Stones & JewelryPhotographySaturday, 15 November 2014 15:20
Approximately half of the world’s gold is reserved by governments as gold ingots. Gold has always maintained its value. From 1840 to 1900, thousands of people during gold rush traveled to California, Colorado, Yukon in Canada, South Africa, Australia and specially Hawaii to take their chance to get their hands to gold.
Photography of this precious metal, jewelry and such metals is one of the most important and pleasurable fields of industrial/artistic photography. This field of photography requires unique experience, instruments and equipment which can be provided by Conceptive Design Studio.
Jewellery (British) or jewelry (American) consists of small decorative items worn for personal adornment, such as brooches, rings, necklaces, earrings, and bracelets. Jewellery may be attached to the body or the clothes, and the term is restricted to durable ornaments, excluding flowers for example. For many centuries metal, often combined with gemstones, has been the normal material for jewellery, but other materials such as shells and other plant materials may be used. It is one of the oldest type of archaeological artifact with 100,000 year old beads made from Nassarius shells thought to be the oldest known jewellery. The basic forms of jewellery vary between cultures but are often extremely long-lived; in European cultures the most common forms of jewellery listed above have persisted since ancient times, while other forms such as adornments for the nose or ankle, important in other cultures, are much less common. Historically, the most widespread influence on jewellery in terms of design and style have come from Asia.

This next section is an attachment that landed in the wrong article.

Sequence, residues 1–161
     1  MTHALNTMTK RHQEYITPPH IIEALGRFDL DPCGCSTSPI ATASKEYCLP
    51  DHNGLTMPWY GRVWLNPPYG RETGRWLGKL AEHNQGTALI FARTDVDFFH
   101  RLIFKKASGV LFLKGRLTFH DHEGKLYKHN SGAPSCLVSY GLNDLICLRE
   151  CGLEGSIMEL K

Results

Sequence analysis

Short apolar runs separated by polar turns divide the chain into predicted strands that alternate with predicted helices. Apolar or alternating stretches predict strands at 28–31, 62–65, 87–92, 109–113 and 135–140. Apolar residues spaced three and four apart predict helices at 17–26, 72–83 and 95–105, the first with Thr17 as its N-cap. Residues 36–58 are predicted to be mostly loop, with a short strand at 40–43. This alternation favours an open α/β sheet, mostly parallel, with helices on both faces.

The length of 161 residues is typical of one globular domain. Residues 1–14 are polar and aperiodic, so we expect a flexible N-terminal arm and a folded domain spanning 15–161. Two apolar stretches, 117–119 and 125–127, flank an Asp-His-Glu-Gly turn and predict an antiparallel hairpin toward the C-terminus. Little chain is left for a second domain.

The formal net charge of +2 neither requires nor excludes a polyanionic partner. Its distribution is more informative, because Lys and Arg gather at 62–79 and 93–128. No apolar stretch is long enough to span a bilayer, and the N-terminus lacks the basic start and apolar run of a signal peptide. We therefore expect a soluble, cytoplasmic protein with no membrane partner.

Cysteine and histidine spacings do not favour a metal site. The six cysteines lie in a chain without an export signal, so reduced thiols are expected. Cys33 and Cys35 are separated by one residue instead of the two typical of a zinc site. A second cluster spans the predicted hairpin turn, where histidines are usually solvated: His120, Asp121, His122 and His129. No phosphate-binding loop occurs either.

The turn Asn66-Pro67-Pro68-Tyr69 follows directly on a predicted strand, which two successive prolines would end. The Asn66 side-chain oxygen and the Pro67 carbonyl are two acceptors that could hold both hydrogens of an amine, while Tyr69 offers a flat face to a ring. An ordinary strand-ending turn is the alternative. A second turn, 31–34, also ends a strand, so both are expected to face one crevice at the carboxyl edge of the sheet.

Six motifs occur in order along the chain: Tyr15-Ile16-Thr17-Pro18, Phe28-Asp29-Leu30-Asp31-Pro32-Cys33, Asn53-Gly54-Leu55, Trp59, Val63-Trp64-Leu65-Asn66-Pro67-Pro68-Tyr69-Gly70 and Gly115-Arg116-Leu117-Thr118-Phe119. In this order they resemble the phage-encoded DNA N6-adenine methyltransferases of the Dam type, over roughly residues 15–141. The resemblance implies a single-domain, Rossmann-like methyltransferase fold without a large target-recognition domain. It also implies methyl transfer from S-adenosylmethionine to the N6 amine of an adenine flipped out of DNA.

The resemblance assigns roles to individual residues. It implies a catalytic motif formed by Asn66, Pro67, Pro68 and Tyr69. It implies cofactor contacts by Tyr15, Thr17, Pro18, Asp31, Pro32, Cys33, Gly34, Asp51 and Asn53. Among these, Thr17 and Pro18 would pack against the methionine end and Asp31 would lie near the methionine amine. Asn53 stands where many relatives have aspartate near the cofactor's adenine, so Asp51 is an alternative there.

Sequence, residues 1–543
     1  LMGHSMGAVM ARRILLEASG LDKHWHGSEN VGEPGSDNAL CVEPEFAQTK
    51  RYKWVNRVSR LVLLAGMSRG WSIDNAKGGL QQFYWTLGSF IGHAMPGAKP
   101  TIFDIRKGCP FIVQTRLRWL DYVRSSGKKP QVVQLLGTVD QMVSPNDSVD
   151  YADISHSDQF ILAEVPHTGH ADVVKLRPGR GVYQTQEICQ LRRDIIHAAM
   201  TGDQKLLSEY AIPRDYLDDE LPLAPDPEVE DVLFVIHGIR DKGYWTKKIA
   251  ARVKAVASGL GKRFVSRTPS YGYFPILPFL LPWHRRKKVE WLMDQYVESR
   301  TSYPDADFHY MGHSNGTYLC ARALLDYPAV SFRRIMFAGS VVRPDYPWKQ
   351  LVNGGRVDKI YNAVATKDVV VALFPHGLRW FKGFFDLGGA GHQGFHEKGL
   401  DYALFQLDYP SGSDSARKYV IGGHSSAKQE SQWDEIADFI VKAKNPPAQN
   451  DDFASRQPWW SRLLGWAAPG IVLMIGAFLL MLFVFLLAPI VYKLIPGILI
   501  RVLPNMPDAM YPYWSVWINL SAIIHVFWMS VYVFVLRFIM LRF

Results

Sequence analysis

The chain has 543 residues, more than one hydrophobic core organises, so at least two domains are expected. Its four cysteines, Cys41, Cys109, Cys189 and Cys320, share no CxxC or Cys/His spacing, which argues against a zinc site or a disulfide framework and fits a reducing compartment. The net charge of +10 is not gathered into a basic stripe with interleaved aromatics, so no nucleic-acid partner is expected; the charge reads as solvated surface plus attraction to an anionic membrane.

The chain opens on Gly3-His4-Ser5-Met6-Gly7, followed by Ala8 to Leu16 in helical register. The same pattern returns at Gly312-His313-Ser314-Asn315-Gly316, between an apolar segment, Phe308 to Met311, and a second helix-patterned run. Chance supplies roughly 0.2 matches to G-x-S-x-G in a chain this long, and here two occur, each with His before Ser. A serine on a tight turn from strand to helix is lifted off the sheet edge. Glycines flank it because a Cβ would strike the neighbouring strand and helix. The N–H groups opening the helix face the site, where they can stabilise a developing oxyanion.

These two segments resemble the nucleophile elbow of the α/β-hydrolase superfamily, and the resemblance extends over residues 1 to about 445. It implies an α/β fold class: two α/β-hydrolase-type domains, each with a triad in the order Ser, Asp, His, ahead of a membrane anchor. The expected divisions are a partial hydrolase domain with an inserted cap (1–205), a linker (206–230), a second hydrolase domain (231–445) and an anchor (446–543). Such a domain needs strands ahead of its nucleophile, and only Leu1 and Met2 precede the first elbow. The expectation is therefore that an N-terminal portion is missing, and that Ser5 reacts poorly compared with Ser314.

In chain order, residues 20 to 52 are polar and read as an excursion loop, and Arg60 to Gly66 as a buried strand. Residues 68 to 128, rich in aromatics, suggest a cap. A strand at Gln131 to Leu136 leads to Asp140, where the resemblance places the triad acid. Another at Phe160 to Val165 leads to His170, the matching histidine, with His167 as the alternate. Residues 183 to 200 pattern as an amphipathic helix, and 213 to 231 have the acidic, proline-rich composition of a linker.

The Daria-i-Noor (meaning: Sea of Light) Diamond from the collection of the national jewels of Iran at Central Bank of Islamic Republic of Iran
Jewellery may be made from a wide range of materials. Gemstones and similar materials such as amber and coral, precious metals, beads, and shells have been widely used, and enamel has often been important. In most cultures jewellery can be understood as a status symbol, for its material properties, its patterns, or for meaningful symbols. Jewellery has been made to adorn nearly every body part, from hairpins to toe rings, and even genital jewellery. The patterns of wearing jewellery between the sexes, and by children and older people can vary greatly between cultures, but adult women have been the most consistent wearers of jewellery; in modern European culture the amount worn by adult males is relatively low compared with other cultures and other periods in European culture.
The word jewellery itself is derived from the word jewel, which was anglicized from the Old French "jouel", and beyond that, to the Latin word "jocale", meaning plaything. In British English, Indian English, New Zealand English, Hiberno-English, Australian English, and South African English it is spelled jewellery, while the spelling is jewelry in American English. Both are used in Canadian English, though jewelry prevails by a two to one margin. In French and a few other European languages the equivalent term, joaillerie there, may also cover decorated metalwork in precious metal such as objects d'art and church items, not just objects worn on the person.